Fundraiser planned for toddler with E. coli
Vickie Kennedy bursts into tears just thinking about her granddaughter and the long road to recovery that lies ahead.
Her voice cracks as she tries to describe Makayla Milbury – who, at just two years old, has had to fight for her life.
“It just makes me so sad,” said Kennedy, looking at before and after photos of the little girl.
Kennedy is busy organizing a fundraiser to help bring Makayla home from the hospital – and she hopes the community will chip in.
Makayla celebrated her second birthday with her sister, MacKenzie, on Aug. 7, 2016. The vibrant, playful child, who was always full of smiles and cuddles, shared a strong bond with her twin sister.
“Makayla was the leader. She was the one that would take MacKenzie by the hand and they’d go sit on the stairs and they’d talk. We wouldn’t understand them but they knew what they were saying to each other,” said Kennedy.
“She would go get a diaper and put it under MacKenzie and tell her mother ‘it’s time to change her’ – and now it’s reversed.”
Kennedy’s voice softens as she recalls the events leading up to Makayla’s extended hospital stay.
Last year, Makayla’s father, Dana Milbury, fell ill. Then her eldest brother, Ethan, came down with a similar sickness near the end of August.
“They ended up taking Ethan to the hospital here in Windsor. They said he had the flu and sent him home,” said Kennedy, adding that the hospital later called when blood work results indicated the presence of E. coli.
He was sick for about 10 days. Two days after he got better, Makayla got sick and MacKenzie followed suit three days later. MacKenzie quickly bounced back; Makayla didn’t.
“They took the girls to the hospital two or three times before they finally ended up taking Makayla, by ambulance, to the IWK,” said Kennedy.
Makayla was hospitalized. Initially, she was suffering from E. coli poisoning, but complications soon arose.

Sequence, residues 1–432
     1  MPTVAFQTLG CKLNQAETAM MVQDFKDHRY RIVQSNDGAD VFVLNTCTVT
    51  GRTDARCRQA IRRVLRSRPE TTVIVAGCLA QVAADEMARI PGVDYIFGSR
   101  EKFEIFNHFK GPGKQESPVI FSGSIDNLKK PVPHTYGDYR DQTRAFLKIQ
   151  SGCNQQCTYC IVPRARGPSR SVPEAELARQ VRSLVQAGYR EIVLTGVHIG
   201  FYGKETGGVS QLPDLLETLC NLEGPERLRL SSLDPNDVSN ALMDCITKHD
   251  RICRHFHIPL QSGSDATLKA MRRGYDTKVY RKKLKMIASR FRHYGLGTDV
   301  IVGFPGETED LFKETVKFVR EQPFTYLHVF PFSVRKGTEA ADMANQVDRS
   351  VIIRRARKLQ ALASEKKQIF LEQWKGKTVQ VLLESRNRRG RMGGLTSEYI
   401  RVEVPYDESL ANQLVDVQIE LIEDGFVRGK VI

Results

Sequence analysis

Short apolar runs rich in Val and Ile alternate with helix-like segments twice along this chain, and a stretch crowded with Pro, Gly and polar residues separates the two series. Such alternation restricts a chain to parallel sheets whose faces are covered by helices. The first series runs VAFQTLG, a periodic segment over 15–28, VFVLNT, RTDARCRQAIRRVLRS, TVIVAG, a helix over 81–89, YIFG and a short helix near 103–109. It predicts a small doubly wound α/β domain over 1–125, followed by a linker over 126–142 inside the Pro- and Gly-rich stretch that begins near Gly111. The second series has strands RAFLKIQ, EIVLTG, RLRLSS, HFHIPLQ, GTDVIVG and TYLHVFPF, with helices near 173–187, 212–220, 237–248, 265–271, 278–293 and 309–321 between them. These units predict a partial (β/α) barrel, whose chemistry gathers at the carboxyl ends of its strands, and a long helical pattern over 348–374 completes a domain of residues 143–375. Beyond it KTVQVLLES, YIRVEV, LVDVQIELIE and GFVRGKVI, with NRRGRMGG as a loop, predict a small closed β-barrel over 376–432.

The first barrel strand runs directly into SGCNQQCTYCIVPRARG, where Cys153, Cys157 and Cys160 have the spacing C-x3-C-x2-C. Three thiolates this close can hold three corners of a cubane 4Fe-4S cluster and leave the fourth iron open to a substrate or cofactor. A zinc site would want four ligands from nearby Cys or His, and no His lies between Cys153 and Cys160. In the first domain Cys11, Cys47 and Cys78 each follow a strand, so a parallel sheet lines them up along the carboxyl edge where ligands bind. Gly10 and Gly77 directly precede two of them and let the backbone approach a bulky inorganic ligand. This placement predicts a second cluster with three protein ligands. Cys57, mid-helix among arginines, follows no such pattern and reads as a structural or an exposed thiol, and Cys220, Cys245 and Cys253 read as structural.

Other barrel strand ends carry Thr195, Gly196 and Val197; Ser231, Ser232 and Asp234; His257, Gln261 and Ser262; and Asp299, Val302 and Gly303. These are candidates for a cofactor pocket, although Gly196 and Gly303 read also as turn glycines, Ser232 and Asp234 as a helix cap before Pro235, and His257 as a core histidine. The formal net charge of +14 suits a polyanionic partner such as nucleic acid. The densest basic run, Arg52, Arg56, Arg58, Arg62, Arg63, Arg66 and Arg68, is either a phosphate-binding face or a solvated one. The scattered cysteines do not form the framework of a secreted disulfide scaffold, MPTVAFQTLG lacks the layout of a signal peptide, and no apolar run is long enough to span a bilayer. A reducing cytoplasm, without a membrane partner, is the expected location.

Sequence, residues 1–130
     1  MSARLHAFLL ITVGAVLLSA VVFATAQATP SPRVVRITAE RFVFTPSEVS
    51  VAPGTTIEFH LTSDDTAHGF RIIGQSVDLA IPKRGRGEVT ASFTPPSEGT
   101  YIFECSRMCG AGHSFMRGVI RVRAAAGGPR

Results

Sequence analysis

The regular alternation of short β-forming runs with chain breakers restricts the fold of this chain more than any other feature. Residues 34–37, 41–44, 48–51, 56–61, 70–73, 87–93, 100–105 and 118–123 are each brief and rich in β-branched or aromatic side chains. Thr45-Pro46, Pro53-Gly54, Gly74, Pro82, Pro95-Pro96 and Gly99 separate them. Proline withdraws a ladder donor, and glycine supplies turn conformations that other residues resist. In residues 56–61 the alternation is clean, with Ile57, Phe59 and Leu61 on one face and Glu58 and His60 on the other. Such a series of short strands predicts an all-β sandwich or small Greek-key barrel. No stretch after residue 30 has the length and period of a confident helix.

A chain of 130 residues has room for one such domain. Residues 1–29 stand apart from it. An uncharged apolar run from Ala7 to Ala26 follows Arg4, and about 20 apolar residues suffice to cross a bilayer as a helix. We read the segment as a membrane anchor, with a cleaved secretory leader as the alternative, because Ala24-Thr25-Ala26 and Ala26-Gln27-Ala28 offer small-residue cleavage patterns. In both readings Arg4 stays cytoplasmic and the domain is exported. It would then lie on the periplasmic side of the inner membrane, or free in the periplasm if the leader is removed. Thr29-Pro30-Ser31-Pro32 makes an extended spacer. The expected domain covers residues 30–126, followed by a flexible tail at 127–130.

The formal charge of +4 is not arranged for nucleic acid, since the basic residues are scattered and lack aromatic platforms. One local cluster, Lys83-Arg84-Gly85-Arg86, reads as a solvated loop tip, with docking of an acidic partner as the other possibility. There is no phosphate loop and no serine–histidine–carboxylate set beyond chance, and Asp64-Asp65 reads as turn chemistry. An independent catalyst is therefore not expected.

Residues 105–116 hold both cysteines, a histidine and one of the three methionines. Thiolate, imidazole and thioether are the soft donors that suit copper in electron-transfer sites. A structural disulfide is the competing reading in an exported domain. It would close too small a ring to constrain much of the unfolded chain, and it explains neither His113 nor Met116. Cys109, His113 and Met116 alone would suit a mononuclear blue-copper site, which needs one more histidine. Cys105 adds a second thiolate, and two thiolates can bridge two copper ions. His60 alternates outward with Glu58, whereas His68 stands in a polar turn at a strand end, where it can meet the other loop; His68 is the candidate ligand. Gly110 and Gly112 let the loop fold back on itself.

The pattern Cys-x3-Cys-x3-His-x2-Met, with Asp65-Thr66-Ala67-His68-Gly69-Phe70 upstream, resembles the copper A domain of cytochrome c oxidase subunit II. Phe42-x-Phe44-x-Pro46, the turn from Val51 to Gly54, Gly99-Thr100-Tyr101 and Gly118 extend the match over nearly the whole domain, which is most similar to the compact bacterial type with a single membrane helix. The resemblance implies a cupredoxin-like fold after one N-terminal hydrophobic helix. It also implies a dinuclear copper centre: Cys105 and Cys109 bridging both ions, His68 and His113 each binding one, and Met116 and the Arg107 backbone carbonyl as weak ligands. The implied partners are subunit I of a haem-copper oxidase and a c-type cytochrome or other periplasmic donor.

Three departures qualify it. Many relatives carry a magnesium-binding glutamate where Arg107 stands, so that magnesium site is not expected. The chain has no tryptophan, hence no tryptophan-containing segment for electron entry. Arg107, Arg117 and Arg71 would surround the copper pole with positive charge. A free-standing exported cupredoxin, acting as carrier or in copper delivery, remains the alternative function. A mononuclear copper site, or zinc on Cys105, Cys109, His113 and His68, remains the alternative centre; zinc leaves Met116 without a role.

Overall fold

She ended up in the intensive care unit and placed in a medically induced coma in an effort to help her body fight back. The E. coli infection wreaked havoc, causing problems with her pancreas, kidneys and brain.
Makayla’s parents – Tracy and Dana Milbury – haven’t been able to work since the ordeal began about eight months ago. When one parent is at the hospital, the other is at home caring for their three other children.
“It’s a sin. The whole family has changed,” said Kennedy.
Makayla is alert now, and on the mend, but Kennedy said the youngster will have lifelong medical needs. She has brain damage and cannot walk.
“It’s just a sad, sad, thing that should have never happened. She should have been home months and months ago,” said Kennedy.
And getting her home to Centre Burlington is just what Kennedy intends to help the family do.
She’s hoping the June 10 dinner and auction that she’s hosting at the Centre Burlington Community Hall will raise enough funds for the Milburys to renovate their house to make it wheelchair accessible and to help offset travel expenses related to medical appointments, plus physiotherapy and speech therapy sessions.
The spaghetti supper will run from 2-6 p.m., with the silent and live auction to follow. She’s also selling raffle tickets on a Molson Coors bar fridge, with the draw scheduled for the long weekend in August.
“What we’re asking for is the communities in this area to all pull together for this fundraiser,” said Kennedy, who has also been raising awareness of her granddaughter’s plight in her home province of New Brunswick. She spends weeks at a time in Nova Scotia to help.
“We need to raise close to
Makayla Milbury, left, and her twin sister, MacKenzie, share a special bond. This photo was taken shortly before the girls came into contact with E. coli. MacKenzie recovered quickly; Makayla suffered complications and now has brain damage.
Tracy and Dana Milbury are hoping to bring their daughter, Makayla, home soon. The pair have been taking turns caring for her in the hospital, changing shifts every three days.
MacKenzie Milbury comforts her twin sister Makayla, who has been in the hospital since shortly after turning two years old.